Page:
Of that particular night I actually can’t remember too much, except that I know Paul helped me get home. Oh, and he ended up staying the night. And the next night. Then a few days later he flew back to New York City with me.

Now that was a turn-up for the books! And he’s still here.

Things turned out all right after all.

- Two -

When I reached the apartment building I stood under the cover of the front awning and brushed the snow from my coat, said "Good afternoon," to James, our daytime doorman, then walked into the marbled foyer.

It wasn’t what you would call a grand place, well, not by modern standards anyway, but in the two years since I had moved into it, it had truly become home. I rode the elevator up to our floor, the seventeenth floor, Apartment 1703, where I knew that Paul would be waiting for me, and let myself in.

"I’m back," I called out to him, to which he stuck his head around the doorway at the end of the hall and gave me a wave and flashed that familiar cheeky smile that I was beginning to love.

We had plans for the evening. There was a new show opening on Broadway and thanks to my new found celebrity status, I had managed to procure a couple of good seats. This was something special that I had been promising Paul ever since he had arrived and we had both been looking forward to it for several weeks now.

"Anything exciting happen?" he asked as he came out and greeted me with a hug.

"Nah, not really," I replied. "I stopped by a travel agent though!"

I fished into a pocket and pulled out the brochure and handed it to him.

"Australia? Cool," he replied.

"I thought you might like it," I said as I hung my coat in the closet, then walked towards the kitchen, with the intention of pouring myself a mug of coffee, something strong, hot and black to restore some warmth to my bones. "Anyone call?"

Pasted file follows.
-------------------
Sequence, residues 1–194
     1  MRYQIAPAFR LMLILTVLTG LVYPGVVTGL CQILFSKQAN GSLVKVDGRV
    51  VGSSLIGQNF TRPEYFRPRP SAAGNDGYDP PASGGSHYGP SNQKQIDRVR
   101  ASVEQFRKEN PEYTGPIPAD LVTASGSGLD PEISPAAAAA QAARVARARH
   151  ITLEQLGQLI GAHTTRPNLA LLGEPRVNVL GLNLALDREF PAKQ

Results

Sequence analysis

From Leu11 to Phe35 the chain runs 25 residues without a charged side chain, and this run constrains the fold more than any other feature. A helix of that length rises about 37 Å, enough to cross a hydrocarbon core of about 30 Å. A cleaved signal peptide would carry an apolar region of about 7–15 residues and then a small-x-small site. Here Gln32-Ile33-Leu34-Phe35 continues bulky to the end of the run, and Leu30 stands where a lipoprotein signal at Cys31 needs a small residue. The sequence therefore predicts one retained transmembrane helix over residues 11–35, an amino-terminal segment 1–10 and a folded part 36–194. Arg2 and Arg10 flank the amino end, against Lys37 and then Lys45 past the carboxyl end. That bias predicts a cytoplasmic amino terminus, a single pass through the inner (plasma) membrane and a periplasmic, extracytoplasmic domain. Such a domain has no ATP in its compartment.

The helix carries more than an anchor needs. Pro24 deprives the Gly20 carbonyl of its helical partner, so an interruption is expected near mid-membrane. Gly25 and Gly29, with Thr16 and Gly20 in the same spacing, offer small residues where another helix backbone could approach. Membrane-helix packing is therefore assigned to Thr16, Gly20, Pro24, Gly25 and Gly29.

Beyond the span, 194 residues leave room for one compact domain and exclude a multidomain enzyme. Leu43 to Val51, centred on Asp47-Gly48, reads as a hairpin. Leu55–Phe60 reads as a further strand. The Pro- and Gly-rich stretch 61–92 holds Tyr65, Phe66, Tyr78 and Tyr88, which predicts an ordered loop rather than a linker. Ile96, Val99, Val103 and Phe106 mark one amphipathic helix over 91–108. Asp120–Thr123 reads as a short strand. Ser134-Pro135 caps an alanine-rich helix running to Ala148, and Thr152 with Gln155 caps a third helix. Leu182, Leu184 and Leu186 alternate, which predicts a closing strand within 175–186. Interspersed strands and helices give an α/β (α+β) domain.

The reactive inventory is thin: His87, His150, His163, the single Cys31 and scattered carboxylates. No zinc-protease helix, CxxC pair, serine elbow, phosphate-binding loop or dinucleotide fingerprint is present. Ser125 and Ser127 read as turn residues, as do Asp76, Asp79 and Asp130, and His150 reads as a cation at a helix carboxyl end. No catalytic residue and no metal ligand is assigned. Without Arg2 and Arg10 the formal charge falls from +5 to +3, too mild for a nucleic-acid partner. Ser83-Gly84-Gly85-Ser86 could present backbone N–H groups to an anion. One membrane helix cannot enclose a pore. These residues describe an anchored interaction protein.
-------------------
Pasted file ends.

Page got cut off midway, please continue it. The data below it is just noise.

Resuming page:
"Yeah," he casually answered, whilst thumbing through the brochure. "Someone from the studio wanting to confirm that you were going to the premiere. Something about seating arrangements."

"What did you tell them?"

"To go and get fucked. You wouldn’t be going!" he answered.

My head snapped suddenly towards him and I found myself staring once more at his radiant smile.

"I thought that might get your attention," he said, grinning. "They just wanted to know how many seats you would need."

"Oh," I replied. "How many did you tell them?"

"I, err, didn’t. They’re going to call you back."

I looked at him for a moment, noticing what I thought was uncertainty in his eyes. Or maybe it was fear, even. I’m not sure which. But suddenly I felt as if I needed to hold him close to me.

He was standing there staring at me, as if he were waiting for me to do something, and so I started to walk towards him. Just as I did however, the telephone rang right beside me and instinctively I reached out and picked it up.

"Hello," I said, without taking my eyes off Paul.

"Hi Dave, it’s Martin, from the studio. I called earlier but you were out," the irritatingly squeaky voice on the other end of the line said to me.